Any individual author can send a list of copyright violations as part of a properly executed DMCA takedown notice, and scribd will very likely act on that in a timely manner. The most onerous part of this process is collecting the exact URL of each copyright violation on scribd. That can be quite a lot of work, since not all mentions of an author or of specific titles are in fact acts of piracy. Some are reviews. Some are copies of Amazon “look inside”. Those latter, of course, are certainly copyright violations since Amazon does not obtain permission to allow others to republish their looks inside. Some are incomplete, like the copy of Lucifer’s Hammer that I referred to yesterday. That too is still a copyright violation. And note that once the takedown notice has been honored, there is generally nothing to prevent the same poster from putting the same stuff back up again, and it’s up to the author to find that out and start the process over again. This can get tedious.
In the Lucifer’s Hammer case has that partial (about a third of the book) republishing of Hammer done sales any harm? Probably not. It could even be argued that it might intrigue someone into buying a properly formatted eBook copy. I understand that argument, and I have mixed data on its accuracy. But there is more here than commercial value. Do note that some authors are simply horrified at the notion that someone has the ‘right’ to publish a badly chopped up, horribly formatted, excerpt of the author’s work without regard to the financial consequences.
I like the notion of a software tool that would automatically find copyright violations and generate a DMCA takedown notice. It would certainly annoy scribd, perhaps sufficiently that someone in authority at scribd would actually try to work with authors, agents, and author associations to come up with some meaningful way to let scribd continue to work its business plan without trampling on author rights. As I have said: it is possible that there is no commercial harm and it’s rather likely that there is no great commercial harm from scribd’s activities; but that’s not the point. Authors should have some control over their works. In particular they ought to be able to insist on well formatted pirate copies!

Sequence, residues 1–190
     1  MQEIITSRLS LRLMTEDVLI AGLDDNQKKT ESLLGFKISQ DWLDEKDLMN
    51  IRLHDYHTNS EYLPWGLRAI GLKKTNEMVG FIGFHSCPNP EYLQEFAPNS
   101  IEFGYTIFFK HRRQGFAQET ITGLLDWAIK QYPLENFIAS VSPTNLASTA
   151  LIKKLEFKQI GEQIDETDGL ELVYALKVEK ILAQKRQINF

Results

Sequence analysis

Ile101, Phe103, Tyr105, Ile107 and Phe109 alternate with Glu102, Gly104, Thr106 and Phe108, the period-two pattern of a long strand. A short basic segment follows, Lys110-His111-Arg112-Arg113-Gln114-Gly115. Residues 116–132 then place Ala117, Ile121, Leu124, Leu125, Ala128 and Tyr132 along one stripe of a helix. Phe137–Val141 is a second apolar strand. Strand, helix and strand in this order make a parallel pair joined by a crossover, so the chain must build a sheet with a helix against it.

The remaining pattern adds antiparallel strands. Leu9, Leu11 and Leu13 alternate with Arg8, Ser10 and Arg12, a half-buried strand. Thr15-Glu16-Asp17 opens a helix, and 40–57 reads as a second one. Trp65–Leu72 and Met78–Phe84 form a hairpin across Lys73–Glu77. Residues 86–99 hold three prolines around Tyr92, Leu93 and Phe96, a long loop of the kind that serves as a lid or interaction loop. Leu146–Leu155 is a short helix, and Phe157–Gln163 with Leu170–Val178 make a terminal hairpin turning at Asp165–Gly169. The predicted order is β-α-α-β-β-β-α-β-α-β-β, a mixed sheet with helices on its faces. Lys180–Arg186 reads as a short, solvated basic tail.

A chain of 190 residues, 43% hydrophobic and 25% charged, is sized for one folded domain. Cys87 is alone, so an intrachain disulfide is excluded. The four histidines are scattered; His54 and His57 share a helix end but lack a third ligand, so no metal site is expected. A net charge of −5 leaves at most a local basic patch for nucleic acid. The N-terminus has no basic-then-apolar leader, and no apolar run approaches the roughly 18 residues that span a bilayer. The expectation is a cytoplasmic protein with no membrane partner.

I have this from an author:
The loathsome scribd.com posts XXYYZZ (the single most
valuable thing that I own, not excepting YYXXZZ whose
movie sale made me financially independent) over and over
and over again.
They allow anybody, without identification, to post
anything, but hide behind every clause in the law to make it
hard for writers to get their work taken down when it’s
illegitimately posted. I have to make them take it down
every single damned time.
I got into a nasty Facebook squabble with one of their
toadies a while back (he was promoting "information wants to
be free" and "being stolen from is good for you so STFU and
lie back and enjoy it"), and after several public go-rounds
he sent me a private message to say he had changed his mind,
I was right, but he couldn’t say so in public.
He sounded scared. I have no idea what was going on there; I
It’s time for scribd to have a serious conversation with agents and author associations. This isn’t going away, and their habit of stonewalling isn’t really going to help. And there’s this:
Niven + Pournelle = zipper + heroin
Another problem with scribd is that once copyrighted or trademarked materials are left in the public domain, the property holders’ rights can be lost. For instance, both "zipper" and "heroin" were trademarks, but once they had fallen into general use without the property-holders’ objection, they became generic terms. Try using Kleenex without the capitalization in a general publication and a stern letter will arrive from Kimberly-Clark Worldwide.
In a kind of related matter: Much has been made about Elizabeth Warren’s "plagiarism" of recipes. Under copyright law, recipes and jokes cannot be copyrighted. That’s one reason chefs are so jealous of their recipes.
I hadn’t even thought of that one.
© 2012, jerrypournelle. All rights reserved.